Match Review: Scorpio and Bagwell dropkick the Nasties off the apron, and that’s how we start. Sags gets in there to continue the match, and he doesn’t break clean with Scorpio, hitting him instead. After some back scratching and biting from Sags, Scorpio hits Sags with a superkick and a standing moonsault for 2. Scorpio goes to an armbar, then tags in Bagwell for a double shoulderblock that gets 2. Bagwell takes Sags over with a belly to belly throw that gets 2, but Sags pokes him in the eye. Knobbs tags in there and misses a charge to the corner, so Bagwell arm drags him a few times. Scorpio gets back in there and clotheslines Knobbs, but Knobbs goes to the eyes. Scorpio blocks a backdrop, then hits him with a spinning kick and a facebuster. Scorpio runs the ropes, but Sags pulls the ropes down and that sends Scorpio to the outside where Sags bodyslams him. Knobbs snaps Scorpio’s neck on the ropes, then Sags tags in and throws Scorpio hard into the corner. Knobbs tags back in and drops an elbow for 2, then picks Scorpio up and slams him. Sags tags back in and Knobbs has a Boston crab on Scorpio, during which Sags elbow drops Scorpio for 2. Knobbs and Sags double team behind the referee’s back, then Sags puts Scorpio in an abdominal stretch. Knobbs tags in and drops another elbow for 2, then Sags gets back in and Scorpio drives him into the mat. Bagwell makes the hot tag, and that culminates in him ramming Knobbs into the buckle a lot. He slams Sags, then hits Knobbs with a flying back elbow. Sags prevents the cover and gets hit with a flying forearm by Scorpio, then Bagwell powerslams Knobbs. Sags goes to the second rope, drops a leg on Bagwell’s head, and Knobbs covers for the victory after 10:01.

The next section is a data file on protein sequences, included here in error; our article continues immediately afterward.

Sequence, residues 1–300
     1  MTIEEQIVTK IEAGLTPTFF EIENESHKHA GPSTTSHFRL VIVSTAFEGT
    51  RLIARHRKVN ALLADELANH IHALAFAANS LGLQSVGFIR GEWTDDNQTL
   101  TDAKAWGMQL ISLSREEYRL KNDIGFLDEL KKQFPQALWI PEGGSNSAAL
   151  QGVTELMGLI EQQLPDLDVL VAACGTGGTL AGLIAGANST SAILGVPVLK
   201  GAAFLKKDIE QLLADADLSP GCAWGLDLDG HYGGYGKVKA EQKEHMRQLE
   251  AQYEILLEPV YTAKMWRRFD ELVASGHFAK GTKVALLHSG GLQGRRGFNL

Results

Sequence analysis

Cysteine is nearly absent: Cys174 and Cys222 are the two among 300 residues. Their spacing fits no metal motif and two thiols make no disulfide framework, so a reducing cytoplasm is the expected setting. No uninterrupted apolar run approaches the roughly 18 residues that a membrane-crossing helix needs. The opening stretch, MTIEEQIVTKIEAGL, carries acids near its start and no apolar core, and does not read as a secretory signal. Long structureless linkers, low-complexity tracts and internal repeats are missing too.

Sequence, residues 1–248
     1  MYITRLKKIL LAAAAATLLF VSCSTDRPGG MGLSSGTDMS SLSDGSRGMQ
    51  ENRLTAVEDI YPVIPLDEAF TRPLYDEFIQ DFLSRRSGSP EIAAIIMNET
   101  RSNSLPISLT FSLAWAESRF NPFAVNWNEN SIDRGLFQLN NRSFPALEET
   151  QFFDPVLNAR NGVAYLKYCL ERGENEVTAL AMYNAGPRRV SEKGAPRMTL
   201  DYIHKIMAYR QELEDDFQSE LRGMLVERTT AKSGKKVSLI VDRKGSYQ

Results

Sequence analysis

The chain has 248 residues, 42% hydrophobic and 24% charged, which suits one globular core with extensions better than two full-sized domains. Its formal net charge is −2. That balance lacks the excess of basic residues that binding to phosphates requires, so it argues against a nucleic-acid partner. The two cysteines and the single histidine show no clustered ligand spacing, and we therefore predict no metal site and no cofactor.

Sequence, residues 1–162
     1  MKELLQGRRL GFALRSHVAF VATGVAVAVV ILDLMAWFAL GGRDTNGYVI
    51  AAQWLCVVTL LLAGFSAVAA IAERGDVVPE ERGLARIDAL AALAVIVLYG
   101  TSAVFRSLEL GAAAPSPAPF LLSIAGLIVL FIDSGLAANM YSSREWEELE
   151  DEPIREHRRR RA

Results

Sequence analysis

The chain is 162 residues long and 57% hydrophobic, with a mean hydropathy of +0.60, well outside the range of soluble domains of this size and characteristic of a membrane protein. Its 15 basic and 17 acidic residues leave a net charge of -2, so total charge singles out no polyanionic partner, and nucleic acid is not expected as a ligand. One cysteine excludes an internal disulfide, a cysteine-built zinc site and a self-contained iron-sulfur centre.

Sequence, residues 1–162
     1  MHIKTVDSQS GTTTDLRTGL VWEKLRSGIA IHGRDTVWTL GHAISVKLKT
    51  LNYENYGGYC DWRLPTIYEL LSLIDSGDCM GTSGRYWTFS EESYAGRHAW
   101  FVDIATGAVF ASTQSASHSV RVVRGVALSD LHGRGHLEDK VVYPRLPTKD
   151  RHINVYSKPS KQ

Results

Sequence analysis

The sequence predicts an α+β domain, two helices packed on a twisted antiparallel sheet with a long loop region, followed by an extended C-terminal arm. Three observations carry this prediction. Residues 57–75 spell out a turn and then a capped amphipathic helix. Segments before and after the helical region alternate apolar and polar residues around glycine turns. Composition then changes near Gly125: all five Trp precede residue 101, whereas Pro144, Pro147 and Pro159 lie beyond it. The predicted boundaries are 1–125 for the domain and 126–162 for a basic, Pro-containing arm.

My Thoughts: The first thing I noticed is that the Nasties looked tremendously out of shape. The match was good, although basic. I don’t have any complaints about it, but maybe the Nasties weren’t used to actually having to work. There weren’t many heels in the WWF who they’d have had to work hard against, and I don’t know what they were doing before they showed up in WCW. The crowd was hot, which always helps things. **1/2.